Peacemaking in Cambodia: Blueprint for a New World Order?
NAVAL POSTGRADUATE SCHOOL MONTEREY CA
Pagination or Media Count:
This thesis examines the peacemaking process as it has unfolded in Cambodia. The end of the Cold War has engendered a new spirit of multi-lateral activism in the international community. Intervention in the domestic affairs of a sovereign country is deemed legitimate, necessary, and desired to secure more worldly goals of peace, stability and respect for human rights. The United Nations-sponsored peacemaking process brought to Cambodia sought to achieve these goals by establishing a cease-fire and setting Cambodia upon the road of a comprehensive political settlement through democratic self-determination in the form of elections in May 1993. The analysis of this study has identified the Cambodian peace plan as flawed in content and context as an externally imposed solution to an internal problem entrusted to an institution without the ability to enforce peace and order. The mandate establishing the UN mission in Cambodia simply did not vest it with the proper authority to enforce compliance with the terms of the peace plan. Cambodian political culture possesses a dynamic which is resistant to national reconciliation. Southeast Asia, Cambodia, United Nations,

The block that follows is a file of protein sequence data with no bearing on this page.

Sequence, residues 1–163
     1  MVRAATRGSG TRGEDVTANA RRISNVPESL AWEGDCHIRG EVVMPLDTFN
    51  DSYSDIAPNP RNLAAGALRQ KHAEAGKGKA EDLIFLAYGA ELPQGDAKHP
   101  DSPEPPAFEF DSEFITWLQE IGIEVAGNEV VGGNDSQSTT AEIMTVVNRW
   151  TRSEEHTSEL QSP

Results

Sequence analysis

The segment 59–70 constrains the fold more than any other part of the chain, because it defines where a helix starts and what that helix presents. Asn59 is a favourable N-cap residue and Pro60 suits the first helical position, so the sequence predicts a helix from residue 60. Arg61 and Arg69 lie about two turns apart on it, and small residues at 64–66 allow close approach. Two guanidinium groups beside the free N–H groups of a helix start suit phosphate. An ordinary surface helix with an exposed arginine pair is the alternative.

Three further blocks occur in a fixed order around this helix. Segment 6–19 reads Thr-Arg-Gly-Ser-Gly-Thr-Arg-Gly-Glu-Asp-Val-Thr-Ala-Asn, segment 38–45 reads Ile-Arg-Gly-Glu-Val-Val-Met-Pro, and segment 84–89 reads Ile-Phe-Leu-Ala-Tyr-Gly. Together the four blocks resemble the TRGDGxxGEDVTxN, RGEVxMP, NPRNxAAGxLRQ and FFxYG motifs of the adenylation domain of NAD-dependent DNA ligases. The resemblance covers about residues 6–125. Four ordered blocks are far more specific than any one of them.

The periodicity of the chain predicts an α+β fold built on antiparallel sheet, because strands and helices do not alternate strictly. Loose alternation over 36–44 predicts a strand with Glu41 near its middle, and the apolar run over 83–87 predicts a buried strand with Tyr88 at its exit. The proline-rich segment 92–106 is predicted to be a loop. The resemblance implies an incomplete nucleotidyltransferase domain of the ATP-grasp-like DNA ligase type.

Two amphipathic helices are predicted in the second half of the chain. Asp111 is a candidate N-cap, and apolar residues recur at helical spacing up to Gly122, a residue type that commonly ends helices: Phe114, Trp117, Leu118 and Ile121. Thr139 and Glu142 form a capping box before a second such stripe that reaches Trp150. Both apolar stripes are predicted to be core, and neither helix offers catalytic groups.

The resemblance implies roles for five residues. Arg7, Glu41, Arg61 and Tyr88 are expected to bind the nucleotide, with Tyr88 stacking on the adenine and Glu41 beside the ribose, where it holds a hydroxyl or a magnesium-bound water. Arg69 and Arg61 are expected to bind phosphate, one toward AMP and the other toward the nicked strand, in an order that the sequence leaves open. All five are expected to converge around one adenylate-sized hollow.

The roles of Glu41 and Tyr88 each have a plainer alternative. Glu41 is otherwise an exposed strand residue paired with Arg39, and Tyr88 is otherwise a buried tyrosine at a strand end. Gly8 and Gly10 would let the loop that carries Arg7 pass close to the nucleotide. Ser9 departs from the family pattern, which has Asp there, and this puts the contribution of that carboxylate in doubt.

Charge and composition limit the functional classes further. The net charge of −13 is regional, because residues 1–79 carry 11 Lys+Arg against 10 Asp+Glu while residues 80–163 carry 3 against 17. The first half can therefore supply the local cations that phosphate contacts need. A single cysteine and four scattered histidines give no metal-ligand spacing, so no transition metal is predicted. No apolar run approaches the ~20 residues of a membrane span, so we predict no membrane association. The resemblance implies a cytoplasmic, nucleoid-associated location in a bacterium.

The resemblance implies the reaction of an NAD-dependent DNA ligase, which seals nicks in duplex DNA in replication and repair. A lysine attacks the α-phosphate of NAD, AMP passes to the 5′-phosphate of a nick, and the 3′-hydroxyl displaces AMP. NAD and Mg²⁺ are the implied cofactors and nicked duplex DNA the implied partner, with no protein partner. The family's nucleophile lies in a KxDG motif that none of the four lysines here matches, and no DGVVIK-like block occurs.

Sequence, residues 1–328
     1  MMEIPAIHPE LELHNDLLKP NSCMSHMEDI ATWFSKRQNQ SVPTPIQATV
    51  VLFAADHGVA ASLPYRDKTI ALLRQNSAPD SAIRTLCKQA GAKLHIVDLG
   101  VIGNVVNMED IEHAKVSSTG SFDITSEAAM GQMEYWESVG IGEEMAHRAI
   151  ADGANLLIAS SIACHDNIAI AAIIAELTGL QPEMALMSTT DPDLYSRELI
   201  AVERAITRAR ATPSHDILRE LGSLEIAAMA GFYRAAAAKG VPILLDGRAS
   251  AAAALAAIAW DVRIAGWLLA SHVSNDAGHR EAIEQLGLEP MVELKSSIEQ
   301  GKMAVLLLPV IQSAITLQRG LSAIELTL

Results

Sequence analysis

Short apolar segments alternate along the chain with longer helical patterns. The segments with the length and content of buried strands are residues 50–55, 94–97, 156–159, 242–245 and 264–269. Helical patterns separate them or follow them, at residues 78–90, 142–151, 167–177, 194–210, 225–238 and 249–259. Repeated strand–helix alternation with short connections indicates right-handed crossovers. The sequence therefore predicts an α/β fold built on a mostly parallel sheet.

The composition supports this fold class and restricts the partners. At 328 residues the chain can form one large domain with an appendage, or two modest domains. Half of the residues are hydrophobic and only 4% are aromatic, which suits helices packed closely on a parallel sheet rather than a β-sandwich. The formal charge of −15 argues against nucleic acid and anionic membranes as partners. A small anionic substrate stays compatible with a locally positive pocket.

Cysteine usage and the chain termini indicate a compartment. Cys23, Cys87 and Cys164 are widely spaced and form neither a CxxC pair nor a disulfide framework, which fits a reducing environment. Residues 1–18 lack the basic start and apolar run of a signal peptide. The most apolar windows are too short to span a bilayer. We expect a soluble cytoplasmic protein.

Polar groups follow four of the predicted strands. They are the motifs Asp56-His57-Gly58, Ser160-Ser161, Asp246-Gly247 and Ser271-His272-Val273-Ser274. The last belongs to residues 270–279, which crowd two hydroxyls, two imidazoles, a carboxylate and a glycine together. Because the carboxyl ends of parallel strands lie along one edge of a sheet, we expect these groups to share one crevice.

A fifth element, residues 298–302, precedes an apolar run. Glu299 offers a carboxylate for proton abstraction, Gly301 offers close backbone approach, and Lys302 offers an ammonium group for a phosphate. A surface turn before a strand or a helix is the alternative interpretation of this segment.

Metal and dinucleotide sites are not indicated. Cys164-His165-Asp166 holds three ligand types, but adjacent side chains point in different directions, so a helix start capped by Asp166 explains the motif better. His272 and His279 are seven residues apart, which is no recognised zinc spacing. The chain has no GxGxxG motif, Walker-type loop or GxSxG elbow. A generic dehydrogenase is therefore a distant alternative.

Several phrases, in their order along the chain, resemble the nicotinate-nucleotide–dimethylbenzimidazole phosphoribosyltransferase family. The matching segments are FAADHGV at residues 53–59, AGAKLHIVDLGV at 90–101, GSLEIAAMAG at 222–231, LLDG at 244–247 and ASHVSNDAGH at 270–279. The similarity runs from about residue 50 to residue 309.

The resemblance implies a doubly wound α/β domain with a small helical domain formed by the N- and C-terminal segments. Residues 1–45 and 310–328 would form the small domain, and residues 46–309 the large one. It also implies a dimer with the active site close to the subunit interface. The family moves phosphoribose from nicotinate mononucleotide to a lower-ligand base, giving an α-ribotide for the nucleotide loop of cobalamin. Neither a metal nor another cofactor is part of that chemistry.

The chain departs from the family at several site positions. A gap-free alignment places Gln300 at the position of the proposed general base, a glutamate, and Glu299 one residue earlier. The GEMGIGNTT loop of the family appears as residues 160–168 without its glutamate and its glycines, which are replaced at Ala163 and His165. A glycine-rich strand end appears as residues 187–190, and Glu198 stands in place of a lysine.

- Government and Political Science